How we Farm, Part 1: The Brief
5 minute read
written by: Curtis
Part 1: The Brief
We farm with people. Their comfort, safety, training, and motivation hinge on a positive workplace culture that prioritizes these ideas. We believe a healthy and safe workplace is the foundation to producing food with vitality and vibrance. Further, the purpose of all farms should be to produce food of the highest quality at scale that generates enough returns to sustainably support the farm stakeholders - namely the farmers, the customers, the community, and the land.
"...the purpose of all farms should be to produce food of the highest quality at scale that generates enough returns to sustainably support the farm stakeholders - namely the farmers, the customers, the community, and the land. "
Business savvy is certainly important to success in farming, but we believe economic viability is actually inherent in an operation that measures its success in the quality of its produce. We also believe quality in production is only possible with a workplace and workforce that is similarly supported, nurtured, fair, and diverse. Obviously our production principles play a key role in the quality of our output, but it is our people that implement our practices.
Every step of our process is critical if we are to have every seed we plant turn into produce. We have found that mindfulness uniformly affects every process we partake in. As farmers, we support living forces into the creation of products that sustain life through our connections and interactions. The gravity of this synergistic purpose can be grounded through exuding positivity into the work that we do.
"As farmers, we support living forces into the creation of products that sustain life through our connections and interactions. The gravity of this synergistic purpose can be grounded through exuding positivity into the work that we do."
Through mindful connection with each seed we sow, deliberate intent in each pass of our weeding hoe, and thankful harvesting thoughts, we as farmers attempt to put more positive energy into the food we grow.
Practically speaking, mindfulness plays itself out on the farm in many ways:
- Always conscious to our place in the landscape and the presence of the traditional stewards of the land, past and present;
- Seeding and planting are great times to practice focus and care as we meet the plants during a critical point in their lives; we take a moment to align ourselves with this sacred act;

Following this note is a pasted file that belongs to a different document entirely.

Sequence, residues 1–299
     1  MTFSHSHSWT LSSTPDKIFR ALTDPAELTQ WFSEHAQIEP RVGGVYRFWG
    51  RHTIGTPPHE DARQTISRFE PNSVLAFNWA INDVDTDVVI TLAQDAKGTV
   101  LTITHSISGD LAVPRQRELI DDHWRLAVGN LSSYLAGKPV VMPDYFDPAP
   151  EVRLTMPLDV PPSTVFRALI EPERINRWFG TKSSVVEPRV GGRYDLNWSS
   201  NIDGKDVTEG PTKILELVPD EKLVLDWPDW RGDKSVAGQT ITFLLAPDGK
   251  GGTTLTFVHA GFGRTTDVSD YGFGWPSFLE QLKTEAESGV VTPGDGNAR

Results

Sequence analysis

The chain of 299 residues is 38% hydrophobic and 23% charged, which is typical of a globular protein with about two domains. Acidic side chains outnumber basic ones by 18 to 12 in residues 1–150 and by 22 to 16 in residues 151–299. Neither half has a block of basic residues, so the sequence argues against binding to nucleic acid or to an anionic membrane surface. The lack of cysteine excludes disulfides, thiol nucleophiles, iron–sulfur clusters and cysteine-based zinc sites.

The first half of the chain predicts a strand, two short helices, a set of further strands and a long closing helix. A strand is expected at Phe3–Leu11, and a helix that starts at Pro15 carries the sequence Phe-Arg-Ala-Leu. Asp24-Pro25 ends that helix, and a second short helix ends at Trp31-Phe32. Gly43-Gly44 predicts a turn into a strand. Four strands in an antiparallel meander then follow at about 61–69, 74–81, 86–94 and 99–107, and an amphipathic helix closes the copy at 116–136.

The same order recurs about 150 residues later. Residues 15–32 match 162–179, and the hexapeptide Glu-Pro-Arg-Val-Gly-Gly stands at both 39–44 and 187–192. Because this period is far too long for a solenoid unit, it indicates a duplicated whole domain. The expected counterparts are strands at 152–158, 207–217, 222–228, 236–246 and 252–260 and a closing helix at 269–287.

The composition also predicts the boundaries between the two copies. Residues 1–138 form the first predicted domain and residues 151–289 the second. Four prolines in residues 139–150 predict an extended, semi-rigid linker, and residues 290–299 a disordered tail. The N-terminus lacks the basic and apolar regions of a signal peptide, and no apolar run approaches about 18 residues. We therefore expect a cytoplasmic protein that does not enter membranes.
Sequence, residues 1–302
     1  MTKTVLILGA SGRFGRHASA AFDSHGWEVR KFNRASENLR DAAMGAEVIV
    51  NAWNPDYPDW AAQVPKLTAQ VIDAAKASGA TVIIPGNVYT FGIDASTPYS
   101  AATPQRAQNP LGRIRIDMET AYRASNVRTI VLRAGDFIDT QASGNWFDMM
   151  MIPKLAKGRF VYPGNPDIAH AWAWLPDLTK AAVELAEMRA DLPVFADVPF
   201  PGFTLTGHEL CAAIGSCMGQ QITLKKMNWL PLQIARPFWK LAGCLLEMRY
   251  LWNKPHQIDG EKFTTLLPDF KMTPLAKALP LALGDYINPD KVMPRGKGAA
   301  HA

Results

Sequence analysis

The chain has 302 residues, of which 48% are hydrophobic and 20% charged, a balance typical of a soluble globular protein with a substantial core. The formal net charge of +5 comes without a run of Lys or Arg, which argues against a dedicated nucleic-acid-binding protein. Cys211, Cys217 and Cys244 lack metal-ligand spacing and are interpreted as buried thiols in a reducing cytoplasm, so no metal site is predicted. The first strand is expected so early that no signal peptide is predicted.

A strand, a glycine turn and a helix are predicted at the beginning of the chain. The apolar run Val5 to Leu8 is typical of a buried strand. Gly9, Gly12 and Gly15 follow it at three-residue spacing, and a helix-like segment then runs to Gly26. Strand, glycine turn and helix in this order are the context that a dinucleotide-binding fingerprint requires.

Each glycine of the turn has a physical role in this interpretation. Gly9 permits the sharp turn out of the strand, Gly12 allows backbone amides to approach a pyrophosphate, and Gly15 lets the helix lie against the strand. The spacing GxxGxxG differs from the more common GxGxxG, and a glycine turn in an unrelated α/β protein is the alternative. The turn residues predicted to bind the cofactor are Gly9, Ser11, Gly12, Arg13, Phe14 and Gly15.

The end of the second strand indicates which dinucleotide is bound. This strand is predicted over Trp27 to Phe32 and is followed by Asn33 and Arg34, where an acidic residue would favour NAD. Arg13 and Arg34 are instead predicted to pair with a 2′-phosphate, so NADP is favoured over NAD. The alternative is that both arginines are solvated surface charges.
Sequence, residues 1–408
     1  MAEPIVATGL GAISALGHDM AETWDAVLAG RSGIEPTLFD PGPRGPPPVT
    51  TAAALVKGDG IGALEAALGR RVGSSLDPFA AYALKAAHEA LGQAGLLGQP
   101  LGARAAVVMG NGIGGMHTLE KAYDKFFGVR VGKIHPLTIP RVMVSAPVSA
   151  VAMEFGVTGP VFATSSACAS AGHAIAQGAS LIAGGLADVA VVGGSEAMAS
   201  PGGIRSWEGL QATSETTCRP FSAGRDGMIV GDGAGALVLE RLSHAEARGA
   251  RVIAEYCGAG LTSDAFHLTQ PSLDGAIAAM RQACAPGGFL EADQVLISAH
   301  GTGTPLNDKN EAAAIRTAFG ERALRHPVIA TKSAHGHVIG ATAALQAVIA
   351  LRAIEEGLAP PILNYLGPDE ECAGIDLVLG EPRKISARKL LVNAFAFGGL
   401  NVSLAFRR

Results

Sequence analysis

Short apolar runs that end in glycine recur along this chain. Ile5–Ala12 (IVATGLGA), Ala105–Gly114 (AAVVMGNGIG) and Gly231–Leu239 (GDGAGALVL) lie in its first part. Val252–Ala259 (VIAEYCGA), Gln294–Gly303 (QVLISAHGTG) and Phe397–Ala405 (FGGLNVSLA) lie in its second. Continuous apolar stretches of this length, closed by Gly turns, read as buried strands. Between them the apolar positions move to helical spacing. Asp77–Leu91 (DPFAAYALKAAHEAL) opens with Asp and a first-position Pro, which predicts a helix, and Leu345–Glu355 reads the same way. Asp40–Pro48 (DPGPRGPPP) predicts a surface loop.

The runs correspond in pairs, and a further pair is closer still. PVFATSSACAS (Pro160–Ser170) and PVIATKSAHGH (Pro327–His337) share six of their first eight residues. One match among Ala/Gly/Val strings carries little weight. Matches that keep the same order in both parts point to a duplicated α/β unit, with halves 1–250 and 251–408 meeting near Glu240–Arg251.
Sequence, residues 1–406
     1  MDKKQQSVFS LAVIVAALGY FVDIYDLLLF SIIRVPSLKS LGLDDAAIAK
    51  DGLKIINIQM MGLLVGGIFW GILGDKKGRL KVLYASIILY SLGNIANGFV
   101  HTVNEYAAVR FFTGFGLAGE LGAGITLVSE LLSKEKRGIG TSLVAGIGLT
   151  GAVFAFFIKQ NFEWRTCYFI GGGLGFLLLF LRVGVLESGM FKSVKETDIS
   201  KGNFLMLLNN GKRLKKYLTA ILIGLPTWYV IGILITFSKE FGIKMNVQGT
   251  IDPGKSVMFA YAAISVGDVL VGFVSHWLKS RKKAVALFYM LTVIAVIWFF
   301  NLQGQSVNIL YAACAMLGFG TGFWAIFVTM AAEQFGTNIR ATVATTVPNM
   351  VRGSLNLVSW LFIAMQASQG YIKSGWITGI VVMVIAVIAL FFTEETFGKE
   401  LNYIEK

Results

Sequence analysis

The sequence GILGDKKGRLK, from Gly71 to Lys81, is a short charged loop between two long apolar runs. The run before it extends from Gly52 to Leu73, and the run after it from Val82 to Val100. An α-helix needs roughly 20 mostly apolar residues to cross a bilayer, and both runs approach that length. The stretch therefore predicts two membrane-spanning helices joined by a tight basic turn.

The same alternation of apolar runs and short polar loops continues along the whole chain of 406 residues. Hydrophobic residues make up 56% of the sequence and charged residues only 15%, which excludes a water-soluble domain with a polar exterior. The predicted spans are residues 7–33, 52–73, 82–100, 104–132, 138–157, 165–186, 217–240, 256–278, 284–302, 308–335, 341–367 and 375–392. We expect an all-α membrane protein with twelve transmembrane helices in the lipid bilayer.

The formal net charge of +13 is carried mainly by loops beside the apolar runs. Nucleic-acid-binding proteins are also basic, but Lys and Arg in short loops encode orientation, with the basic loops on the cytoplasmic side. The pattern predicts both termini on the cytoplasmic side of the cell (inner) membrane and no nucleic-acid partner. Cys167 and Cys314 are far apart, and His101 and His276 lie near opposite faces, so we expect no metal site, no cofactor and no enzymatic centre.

- Cultivation and other crop cultural practices offer opportunity to interact with plants and soil to ensure we nurture them;
- Communication with plants is not as hard or strange as it may seem; with practice, you can feel comfort, hear cries for water, and understand signals of excess or deficiency;
Harvest is a time of gratitude for soil, plant, and planets for cooperating to create our sustenance.
What we are practicing are the “soft” skills of empathy, compassion, and kindness that allow us as farmers to be mindful about what we are doing. Food and farming in America are disconnected. We recognize that we don’t need to keep using the same, inherently extractive systems. We feel spurred to trial systems and methods that go against this current and offer an alternate solution.
To wrap things up, we offer these take aways:
- Do what you do with intention and mindfulness. If you aren’t in the right headspace, the product of your work will suffer. If food is your product, your customers will bear this burden.
- Treat staff and workers with respect, train them to think and feel instead of just seeding and cultivating. Compensate them well and fairly.
- Food has energy, it resonates; people have energy, we resonate - our energy as farmers affects the food that we produce. Positive energy and intention are as important as water and sunshine.
You may have expected us to discuss tillage practices, what we spray or don't spray, etc. Check out our other blogs for more of the production operations.
Our blog series on our farming practices continues with:
Part 2: Organic or Other?
Part 3: The Details
Part 4: Good Gardening Practices
These blog posts will go December 22, 23, 24, 2020. Stay Tuned!